plowing packs snow up in that area badly and especially if your running A-Frame protectors [which will tear up the CV boots once frozen up and packed in there] .. using your rig in snow I recommend removing the a-frame protectors for the winter. MHO only
Gary.......thanks!!! That is a great suggestion!! I rolled my machine into my dear Mrs. Paxx's heated parking spot and then dig out all the snow and ice as I checked things over. I actually removed them to do so and will keep them off till the snow stops coming!! After seeing Mike's photos above I can see that mine have been routed quite a bit different, and in so doing put a big sharp turn on them as then come to the caliper causing a possible kink. I'm gonna look things over tomorrow and figure a much better route!!

Thanks a tonne!
Paxx
 

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Mine are similar to Mikes, never had any issues with them. Never thought about the CV protectors getting packed with snow/ice!
 

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Mine are the same too, I bet he did kink them around when doing a pad job. Ya, I never thought about taking the boot protectors off either... Might not be a bad idea! Thanks Gary...
 

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we had a discussion a long time ago about the aluminum A Frame protectors holding and packing the snow into ice and the effects on the boots / CV covers .. someone else said they removed theirs after a ripped boot , made sense to me so when I lived up in Coeur d'Alene Idaho I too removed mine for winter .... kind of a PIA but still worth the time IMHO so I was just passing the info on.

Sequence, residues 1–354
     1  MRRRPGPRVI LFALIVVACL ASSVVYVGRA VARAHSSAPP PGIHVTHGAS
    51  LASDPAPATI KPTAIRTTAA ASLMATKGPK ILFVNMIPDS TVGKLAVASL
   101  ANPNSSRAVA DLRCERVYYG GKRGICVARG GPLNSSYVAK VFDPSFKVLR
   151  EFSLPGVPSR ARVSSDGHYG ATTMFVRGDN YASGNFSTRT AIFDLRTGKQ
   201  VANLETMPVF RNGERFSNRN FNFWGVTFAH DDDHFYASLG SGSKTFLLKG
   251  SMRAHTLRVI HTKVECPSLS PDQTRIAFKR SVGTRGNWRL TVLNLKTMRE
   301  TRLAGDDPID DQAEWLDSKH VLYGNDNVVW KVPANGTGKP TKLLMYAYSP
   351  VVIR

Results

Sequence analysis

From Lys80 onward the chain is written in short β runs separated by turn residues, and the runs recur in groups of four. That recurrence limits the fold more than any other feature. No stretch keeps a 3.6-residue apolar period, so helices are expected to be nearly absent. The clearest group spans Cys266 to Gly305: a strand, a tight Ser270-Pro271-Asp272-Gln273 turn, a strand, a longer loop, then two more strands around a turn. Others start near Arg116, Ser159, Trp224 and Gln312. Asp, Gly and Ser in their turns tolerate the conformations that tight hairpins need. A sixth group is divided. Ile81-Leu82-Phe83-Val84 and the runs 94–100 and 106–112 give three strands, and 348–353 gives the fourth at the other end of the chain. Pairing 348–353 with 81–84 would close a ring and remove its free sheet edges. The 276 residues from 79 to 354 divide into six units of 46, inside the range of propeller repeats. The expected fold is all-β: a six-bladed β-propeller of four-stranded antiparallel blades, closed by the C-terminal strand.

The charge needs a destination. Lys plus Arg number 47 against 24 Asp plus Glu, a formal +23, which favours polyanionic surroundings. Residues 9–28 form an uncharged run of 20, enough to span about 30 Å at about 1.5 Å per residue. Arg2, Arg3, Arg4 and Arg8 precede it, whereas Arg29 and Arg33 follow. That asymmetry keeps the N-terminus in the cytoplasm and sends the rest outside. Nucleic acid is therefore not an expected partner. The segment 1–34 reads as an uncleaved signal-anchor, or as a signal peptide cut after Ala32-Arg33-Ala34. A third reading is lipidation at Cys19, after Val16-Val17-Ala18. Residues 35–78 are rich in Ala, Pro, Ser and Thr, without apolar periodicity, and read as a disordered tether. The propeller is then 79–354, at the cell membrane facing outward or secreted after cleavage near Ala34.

in my case the snow was really pack tight and right against the boots and showed rubbing but did not tear them up .. was also a PIA to get the ice/packed snow out of there do to the hard packed ice I ended using my Victor wrench rose bud to melt a bunch of it to remove [using care not to get to close to the boots]
 

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Well if I never ride/plow snow again I'll be a happy camper! Taking my snow plow with me for a conversation piece ! LOL
 

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and you don't think you'll use it LOL good luck with that

may not use it often but believe you'll still have an occasion for mounting it up
 

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Here's a couple more pics from the top that show the lines going through the rubber grommets.
 

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Great picture detail! Thanks for posting!
 

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Discussion Starter #13
Here's a couple more pics from the top that show the lines going through the rubber grommets.
Mike, I totally agree with RD!! Great pics!!! And thanks for sharing!!! Haven't had a chance to look mine over yet today, but will get to it.....I hope!!